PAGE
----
Mitchell then compared Pham's theoretical propositions with those of Phillips et al., noting that there was substantial overlap, although these two programs of research originated from different literatures. He observed that Pham's framework is defined more narrowly than Phillips et al.'s. Pham (1994) regards affect recruitment as a decision heuristic, whose use depends on (i.e. is restricted by) accessibility and diagnosticity principles. For instance, he predicts that affect recruitment would not be used when prior evaluations are highly accessible. Phillips et al. define consumption visions more broadly: the use of these visions is not limited to decision making. For instance, when they suggest that consumption visions may also serve moodBmanagement functions, Phillips et al. implicitly include fantasies in the domain of consumption visions. Mitchell suggested that Phillips et al. be more precise about the boundaries of consumption visions as a theoretical construct. Is any kind of imagery a consumption vision? He also suggested that Pham's distinction between consummatory and instrumental motives be clarified. Finally, he stressed that future research needs to focus on when affect recruitment is likely to be used and consumption visions are likely to be formed.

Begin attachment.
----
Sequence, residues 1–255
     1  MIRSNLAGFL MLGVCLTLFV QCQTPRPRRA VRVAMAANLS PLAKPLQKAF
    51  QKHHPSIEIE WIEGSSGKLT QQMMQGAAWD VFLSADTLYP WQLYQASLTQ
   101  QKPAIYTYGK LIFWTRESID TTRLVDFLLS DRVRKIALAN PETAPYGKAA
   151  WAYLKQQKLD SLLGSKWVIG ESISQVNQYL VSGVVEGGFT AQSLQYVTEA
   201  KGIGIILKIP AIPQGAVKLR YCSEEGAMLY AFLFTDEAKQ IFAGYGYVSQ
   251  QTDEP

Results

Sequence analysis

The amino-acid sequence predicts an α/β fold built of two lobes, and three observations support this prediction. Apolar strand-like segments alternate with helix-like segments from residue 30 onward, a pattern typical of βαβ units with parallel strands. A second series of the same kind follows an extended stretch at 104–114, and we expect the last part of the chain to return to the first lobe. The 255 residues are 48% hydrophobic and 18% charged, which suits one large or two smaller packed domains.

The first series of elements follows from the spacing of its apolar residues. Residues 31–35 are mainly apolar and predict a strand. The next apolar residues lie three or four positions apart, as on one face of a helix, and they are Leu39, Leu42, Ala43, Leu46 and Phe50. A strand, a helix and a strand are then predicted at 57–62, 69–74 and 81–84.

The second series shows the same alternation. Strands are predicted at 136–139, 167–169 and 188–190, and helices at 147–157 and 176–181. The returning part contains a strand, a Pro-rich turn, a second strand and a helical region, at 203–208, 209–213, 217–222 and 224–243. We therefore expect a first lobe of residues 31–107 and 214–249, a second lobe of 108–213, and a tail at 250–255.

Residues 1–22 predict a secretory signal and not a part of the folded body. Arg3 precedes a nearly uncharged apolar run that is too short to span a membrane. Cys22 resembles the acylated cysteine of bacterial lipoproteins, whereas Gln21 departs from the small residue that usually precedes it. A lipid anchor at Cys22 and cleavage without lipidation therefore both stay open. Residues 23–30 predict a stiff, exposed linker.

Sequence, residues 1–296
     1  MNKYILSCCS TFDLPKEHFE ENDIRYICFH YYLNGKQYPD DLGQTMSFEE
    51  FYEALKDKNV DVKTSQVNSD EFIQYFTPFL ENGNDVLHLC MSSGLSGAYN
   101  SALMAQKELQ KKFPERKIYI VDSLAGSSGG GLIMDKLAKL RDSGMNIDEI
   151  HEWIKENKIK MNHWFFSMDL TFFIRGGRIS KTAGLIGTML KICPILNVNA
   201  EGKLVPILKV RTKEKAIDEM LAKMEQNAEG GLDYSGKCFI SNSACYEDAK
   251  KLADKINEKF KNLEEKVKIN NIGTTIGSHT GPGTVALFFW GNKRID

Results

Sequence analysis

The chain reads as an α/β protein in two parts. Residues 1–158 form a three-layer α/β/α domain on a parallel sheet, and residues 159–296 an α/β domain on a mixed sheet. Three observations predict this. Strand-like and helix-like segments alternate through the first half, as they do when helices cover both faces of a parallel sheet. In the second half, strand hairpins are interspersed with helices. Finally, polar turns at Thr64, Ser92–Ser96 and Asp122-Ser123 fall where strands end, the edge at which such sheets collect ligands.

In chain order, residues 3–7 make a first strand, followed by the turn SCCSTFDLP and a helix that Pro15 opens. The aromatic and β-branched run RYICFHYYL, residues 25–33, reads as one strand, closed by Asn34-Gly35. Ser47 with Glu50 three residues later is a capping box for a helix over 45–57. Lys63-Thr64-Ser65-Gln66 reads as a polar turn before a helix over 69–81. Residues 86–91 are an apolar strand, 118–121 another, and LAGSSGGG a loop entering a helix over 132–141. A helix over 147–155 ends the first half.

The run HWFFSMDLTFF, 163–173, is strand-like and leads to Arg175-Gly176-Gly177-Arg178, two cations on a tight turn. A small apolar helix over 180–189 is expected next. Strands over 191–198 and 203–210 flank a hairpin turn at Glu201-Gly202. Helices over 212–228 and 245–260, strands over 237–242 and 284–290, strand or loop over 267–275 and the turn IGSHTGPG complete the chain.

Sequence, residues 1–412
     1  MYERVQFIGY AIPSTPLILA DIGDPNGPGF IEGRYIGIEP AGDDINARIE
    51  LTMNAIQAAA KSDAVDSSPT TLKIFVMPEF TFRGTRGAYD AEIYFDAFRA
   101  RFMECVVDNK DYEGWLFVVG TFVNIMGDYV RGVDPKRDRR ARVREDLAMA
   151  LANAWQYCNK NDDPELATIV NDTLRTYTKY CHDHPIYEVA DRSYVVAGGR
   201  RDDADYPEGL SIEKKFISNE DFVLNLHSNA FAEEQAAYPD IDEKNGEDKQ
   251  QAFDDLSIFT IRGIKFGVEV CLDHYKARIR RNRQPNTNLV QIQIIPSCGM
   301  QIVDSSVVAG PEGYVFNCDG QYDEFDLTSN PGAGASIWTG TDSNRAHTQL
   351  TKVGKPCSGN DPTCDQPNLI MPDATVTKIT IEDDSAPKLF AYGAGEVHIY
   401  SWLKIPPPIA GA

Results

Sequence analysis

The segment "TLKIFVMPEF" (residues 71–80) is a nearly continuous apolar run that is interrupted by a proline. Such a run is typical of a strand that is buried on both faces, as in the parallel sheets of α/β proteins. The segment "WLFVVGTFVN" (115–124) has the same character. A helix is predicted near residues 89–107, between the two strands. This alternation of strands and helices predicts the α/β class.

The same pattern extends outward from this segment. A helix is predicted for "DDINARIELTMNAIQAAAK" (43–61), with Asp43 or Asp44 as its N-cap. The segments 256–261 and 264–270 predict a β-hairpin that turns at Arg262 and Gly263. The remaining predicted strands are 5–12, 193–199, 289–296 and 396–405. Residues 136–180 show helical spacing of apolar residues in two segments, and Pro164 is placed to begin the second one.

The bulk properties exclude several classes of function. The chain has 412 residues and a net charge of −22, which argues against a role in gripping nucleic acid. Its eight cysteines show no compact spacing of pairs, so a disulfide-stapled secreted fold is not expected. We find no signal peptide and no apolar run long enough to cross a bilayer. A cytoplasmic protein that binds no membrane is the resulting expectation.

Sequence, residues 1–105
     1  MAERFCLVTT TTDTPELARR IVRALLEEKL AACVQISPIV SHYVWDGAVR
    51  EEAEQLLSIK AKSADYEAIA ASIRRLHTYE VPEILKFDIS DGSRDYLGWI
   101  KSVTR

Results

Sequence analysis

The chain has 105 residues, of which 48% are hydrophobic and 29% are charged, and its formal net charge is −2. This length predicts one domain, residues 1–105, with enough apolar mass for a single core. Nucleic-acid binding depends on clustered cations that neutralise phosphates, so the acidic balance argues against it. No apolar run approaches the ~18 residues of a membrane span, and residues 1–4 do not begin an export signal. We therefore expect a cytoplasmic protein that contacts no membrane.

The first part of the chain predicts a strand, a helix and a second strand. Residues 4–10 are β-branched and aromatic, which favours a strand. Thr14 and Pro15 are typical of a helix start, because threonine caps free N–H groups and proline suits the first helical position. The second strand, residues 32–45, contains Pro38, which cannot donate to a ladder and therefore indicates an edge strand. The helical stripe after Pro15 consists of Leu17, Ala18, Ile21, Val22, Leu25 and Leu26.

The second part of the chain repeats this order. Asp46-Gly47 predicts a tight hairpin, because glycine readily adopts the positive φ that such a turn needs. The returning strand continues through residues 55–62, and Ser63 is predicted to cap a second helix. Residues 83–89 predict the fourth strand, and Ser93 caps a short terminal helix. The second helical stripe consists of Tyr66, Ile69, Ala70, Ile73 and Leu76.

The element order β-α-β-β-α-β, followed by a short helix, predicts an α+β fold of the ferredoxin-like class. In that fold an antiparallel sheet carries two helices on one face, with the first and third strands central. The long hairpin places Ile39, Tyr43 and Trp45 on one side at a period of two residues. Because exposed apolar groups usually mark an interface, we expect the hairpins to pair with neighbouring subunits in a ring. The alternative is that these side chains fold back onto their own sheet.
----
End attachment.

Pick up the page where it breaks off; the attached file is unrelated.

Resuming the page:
The discussion was then opened to the audience, who engaged in a lively exchange with the speakers. For instance, the audience and the speakers debated on whether high consumer expertise in a product category would increase or decrease the likelihood of affect recruitment and the use of consumption visions. On the one hand, one could argue that unless a consumer has acquired sufficient experience with a product category, he or she would not be able to generate the concrete representations hypothesized by Pham and by Phillips et al. On the other hand, one could also speculate that those consumers who have extensive expertise already have wellBformed attitudes about the product, hence would not need to engage in anticipation processes such as affect recruitment and consumption visions. This issue (as well as many others) is worthy of empirical examination.